Commentary

The relationship between municipalities and their provincial and territorial counterparts in Canada has been evolving over the years. There is a growing understanding of the need to recognize municipalities as independent governments with the autonomy to deal with local issues. But we’ve also been hearing a lot about the challenges facing municipalities as they increase their scope of power, particularly in times of fiscal restraint.

All successful organizations must evolve to meet a changing environment. Canada's Public Service is no different. It is adapting to meet Canada's needs, while respecting our code of values and ethics to maintain public confidence in the integrity of the federal Public Service. Over the past several years, our focus has been on renewing and transforming the federal public service, delivering on a dynamic policy agenda, and re-engineering many of our internal and external services. We have made significant progress in positioning our institution for the future.

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Currently, women hold only 24.7 percent of federal seats (76 out of 308), 26.4 percent of provincial/territorial seats (201 out of 760), and 23.9 percent of municipal seats (5,800 out of 24,239) across the country. Although women represent 52 percent of the Canadian population, they are not proportionately represented in public office. For this reason, the Federation of Canadian Municipalities (FCM) has been championing a UNESCO recommendation to reach a target of 30 percent female representation among elected officials by 2026. Efforts to promote greater representation of female elected officials are necessary for several reasons. First, female inclusion in politics affects the very nature of the process as research indicates that women are more likely to work in a collaborative manner and include external input. Second, women can affect the issues by ensuring that a variety of viewpoints and different demands and priorities are part of the debate. Lastly, women's representation in government continues to be matter of equality.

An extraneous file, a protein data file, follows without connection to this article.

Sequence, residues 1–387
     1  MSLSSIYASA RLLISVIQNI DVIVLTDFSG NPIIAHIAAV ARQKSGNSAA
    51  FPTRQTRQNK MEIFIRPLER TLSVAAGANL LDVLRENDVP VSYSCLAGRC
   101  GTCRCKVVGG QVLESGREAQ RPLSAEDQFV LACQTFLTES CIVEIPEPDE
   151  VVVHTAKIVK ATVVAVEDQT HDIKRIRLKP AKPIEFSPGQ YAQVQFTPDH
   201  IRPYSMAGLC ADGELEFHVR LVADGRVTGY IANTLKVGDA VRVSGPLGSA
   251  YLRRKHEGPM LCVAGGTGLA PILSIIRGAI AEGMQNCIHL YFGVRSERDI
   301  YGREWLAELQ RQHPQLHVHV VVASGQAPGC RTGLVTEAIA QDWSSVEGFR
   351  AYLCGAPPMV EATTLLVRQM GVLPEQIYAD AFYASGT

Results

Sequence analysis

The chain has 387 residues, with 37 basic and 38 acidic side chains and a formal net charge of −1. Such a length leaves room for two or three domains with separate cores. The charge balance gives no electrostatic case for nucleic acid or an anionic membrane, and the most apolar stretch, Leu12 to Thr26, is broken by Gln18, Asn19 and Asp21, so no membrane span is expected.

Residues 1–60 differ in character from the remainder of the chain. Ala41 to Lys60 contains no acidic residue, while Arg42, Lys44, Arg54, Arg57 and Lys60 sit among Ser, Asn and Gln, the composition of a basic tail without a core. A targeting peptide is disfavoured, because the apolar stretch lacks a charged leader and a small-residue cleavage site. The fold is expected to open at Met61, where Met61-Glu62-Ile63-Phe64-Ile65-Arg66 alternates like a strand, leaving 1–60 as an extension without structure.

Tight financial times often prompt municipalities to explore ways to reduce costs and realize efficiencies. Service reviews have become a popular means of such exploration. A service review is a systematic process in which a municipality examines the services it provides, with an aim to answer some difficult questions: do we need to provide this service?

In February 2013, the City of London Canada launched one of its largest ever funded campaigns to welcome over 40,000 international visitors to the World's Figure Skating Championship. Unprecedented in its execution, the campaign brought together nine partners to co-finance its activities. 'Canada's London' undoubtedly achieved its goals of enhancing and broadcasting the image of London with over 39 million impressions of their billboards and over 60,000 visitors to the campaign website and blog – with 1,200 crowd sourced photos – in less than a month.